ILLINOIS APPELLATE COURT FIRST DISTRICT, THIRD DIVISION.
JANUARY 11, 1956.
JOSEPH PERRY, APPELLEE,
JOSEPH ESON, APPELLANT.
Interlocutory Appeal from the Circuit Court of Cook county;
the Hon. JULIUS H. MINER, Judge, presiding. Order reversed.
JUDGE KILEY DELIVERED THE OPINION OF THE COURT.
This is an interlocutory appeal by defendant from an order restraining him from writing bonds in any of the Cook County criminal courts.
The parties made a partnership agreement March 30, 1951, under which defendant was to write bail bonds in Cook County courts using plaintiff's collateral. The agreement provided for plaintiff's investment of capital, being a $7,000 deposit required to authorize defendant to engage in the business. This sum was established in the agreement as a debt due plaintiff from the partnership. Defendant's contribution was to be his services. The profits and losses were to be divided equally, defendant was to keep books of account and was bound to account weekly for all transactions. Between December 31st and January 10th, as each year ended, a full accounting was to be made. Defendant was to devote "all his time and attention" to the work and was not to assign his interest or any part thereof to third persons. If either wished to retire from the business he was required to give not less than 15, nor more than 20, days notice to the other, and thereafter defendant was not to exercise any of his previous "rights or powers" under the agreement. If the partnership was dissolved for any reason defendant was not to solicit, at any time, the partnership clients or to disclose its clientele to any one and he "shall not engage in the business of a bondsman for a period of five (5) years thereafter." If either partner elected to retire or if defendant became disabled, or if "either shall be guilty of misconduct of such a character as to render it impracticable to carry on the partnership, then and in any event this partnership shall cease and terminate."
Plaintiff alleged that defendant had not made the required accounting; that a breach of the agreement thereby resulted and the agreement had been terminated; and that despite the breach and termination, defendant is continuing to write bonds in violation of the agreement not to engage in the business for five years upon termination. Plaintiff asked for an accounting and injunction to restrain defendant in accordance with the negative covenant. Defendant answered, denying failure to account properly, the breach and the termination of the agreement. He denies continued writing of bonds on plaintiff's securities and denies "legal conclusions" pleaded by plaintiff with respect to the negative covenant. He alleged affirmatively that plaintiff, without defendant's consent, brought another person into the partnership to share in the profits and thus plaintiff was guilty of "misconduct of such a character . . . to . . . terminate" the partnership; that plaintiff had not given notice of his election to retire as required in the agreement; and that the agreement is illegal in so far as it purports to restrain defendant from his means of earning a livelihood.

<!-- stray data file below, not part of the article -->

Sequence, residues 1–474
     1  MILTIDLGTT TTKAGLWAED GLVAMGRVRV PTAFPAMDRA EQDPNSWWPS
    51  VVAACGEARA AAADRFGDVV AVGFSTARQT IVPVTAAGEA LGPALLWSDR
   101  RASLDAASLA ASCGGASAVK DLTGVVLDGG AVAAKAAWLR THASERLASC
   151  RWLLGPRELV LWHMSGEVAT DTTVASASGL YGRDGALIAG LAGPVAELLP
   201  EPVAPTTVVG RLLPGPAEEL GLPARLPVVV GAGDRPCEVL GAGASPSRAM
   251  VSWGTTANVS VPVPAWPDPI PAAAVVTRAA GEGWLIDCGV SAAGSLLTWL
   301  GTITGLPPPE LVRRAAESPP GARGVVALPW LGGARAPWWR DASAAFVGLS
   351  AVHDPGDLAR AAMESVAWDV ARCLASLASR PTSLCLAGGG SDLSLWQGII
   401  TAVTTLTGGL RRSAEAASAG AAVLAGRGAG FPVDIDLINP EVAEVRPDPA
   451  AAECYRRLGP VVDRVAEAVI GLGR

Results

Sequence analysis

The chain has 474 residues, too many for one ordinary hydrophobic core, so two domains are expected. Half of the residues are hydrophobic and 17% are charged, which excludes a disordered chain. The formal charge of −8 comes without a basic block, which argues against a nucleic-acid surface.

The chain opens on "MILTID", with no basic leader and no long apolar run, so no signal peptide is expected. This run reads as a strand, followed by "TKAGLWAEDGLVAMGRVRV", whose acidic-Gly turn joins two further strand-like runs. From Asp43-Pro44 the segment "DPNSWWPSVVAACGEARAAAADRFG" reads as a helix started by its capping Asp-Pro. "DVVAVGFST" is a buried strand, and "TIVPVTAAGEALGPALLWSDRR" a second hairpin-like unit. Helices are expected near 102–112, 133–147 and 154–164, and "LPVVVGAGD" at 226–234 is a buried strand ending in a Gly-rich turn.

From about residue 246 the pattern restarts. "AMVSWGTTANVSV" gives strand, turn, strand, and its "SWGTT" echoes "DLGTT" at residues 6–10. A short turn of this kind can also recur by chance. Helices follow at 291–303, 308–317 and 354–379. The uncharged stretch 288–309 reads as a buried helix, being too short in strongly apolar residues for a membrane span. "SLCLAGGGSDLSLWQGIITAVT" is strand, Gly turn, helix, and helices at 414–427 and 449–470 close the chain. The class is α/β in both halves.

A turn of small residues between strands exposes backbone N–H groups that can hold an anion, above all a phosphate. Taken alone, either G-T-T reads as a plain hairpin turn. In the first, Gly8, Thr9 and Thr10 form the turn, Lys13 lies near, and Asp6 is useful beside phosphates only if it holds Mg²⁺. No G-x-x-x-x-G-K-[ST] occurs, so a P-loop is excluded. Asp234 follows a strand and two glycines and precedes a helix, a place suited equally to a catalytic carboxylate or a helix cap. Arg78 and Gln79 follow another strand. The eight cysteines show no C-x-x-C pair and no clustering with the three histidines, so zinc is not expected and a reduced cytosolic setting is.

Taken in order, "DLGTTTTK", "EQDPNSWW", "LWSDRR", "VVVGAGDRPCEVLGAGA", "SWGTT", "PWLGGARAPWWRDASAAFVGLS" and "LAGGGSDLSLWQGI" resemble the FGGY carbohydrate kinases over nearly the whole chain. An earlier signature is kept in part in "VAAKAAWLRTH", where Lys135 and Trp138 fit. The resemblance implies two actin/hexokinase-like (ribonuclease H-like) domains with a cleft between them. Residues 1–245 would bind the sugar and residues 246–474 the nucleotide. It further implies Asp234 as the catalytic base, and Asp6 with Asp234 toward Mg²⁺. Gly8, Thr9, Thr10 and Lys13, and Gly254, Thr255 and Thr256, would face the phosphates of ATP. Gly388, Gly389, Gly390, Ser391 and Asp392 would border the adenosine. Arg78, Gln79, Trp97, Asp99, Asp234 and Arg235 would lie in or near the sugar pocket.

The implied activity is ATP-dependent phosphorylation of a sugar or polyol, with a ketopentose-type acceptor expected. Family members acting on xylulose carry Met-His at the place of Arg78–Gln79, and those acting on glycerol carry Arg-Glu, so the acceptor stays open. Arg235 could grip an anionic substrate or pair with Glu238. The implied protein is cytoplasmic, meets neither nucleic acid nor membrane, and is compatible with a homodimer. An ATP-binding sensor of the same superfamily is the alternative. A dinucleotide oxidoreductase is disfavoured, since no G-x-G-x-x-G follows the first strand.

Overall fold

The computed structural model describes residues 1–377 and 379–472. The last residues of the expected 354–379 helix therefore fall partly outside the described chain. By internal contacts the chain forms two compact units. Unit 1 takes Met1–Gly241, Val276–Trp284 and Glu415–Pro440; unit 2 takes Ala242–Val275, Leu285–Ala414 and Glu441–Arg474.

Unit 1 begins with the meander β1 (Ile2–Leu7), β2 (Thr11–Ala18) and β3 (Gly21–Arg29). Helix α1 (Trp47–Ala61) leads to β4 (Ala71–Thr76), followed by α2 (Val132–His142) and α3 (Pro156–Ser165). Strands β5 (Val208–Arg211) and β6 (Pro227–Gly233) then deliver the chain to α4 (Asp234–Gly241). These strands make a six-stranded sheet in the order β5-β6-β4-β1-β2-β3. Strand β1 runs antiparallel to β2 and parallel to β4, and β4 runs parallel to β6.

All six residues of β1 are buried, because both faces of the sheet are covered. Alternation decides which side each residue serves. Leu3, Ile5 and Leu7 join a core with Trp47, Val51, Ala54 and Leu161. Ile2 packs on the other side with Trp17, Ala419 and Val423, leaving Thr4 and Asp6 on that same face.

The question on appeal is whether the chancellor abused his discretion in deciding that the order was necessary to preserve the equitable rights of the parties until a decision could be made on the merits of the case. Mayer v. Collins, 263 Ill. App. 219, 221.
The answer depends upon whether it is probable that plaintiff will succeed on the merits (Chicago Motor Coach Co. v. Budd, 346 Ill. App. 385) and the relative advantages and harm likely to be enjoyed or suffered in maintaining the status quo. Mayer v. Collins, 263 Ill. App. 219.
The only basis alleged for termination of the partnership, the failure to account properly, is denied by defendant's sworn answer. Thus, the chancellor in restraining defendant presumably anticipated the likelihood that plaintiff would prevail on the issue. But there is no allegation that plaintiff gave defendant the notice prescribed for termination and there is nothing in the pleadings to justify the anticipation of plaintiff's success.
Also the injunction grants plaintiff virtually the substantial remedies he seeks, because defendant is restrained from writing bonds; he is not limited to those written on plaintiff's security. This goes beyond the rightful scope of the temporary injunctive remedy. Chicago Motor Coach Co. v. Budd, 346 Ill. App. 385.
Plaintiff, to sustain the order, argues that defendant's answer admits a cause of termination, i.e., plaintiff's wrongful conduct, and thus that the pleadings admit a cause of termination. The odd effect of this contention is to say that the chancellor could have foreseen that defendant would prove his affirmative defense of plaintiff's misconduct and thus justify restraining defendant. The situation presumed by this contention brings it within the following rule. "The contract being broken by appellant without right operated to relieve appellee from the further performance of any covenant restricting her from engaging in business of the same nature. . . ." M.M. Mitchell Co. v. Mitchell, 134 Ill. App. 214, 216. We see no merit in the contention.
Were the injunction to remain in effect the result would be the deprivation of defendant of his means of livelihood, with the only apparent benefit to plaintiff, taking defendant's affirmative defense as true, coming from his own misconduct. Thus the balance of advantage and harm is in favor of defendant.
For these several reasons we are of the opinion that the chancellor abused his discretion in granting the injunction. We need consider no other points raised. The order for temporary injunction is reversed.
LEWE, P.J. and FEINBERG, J., concur.
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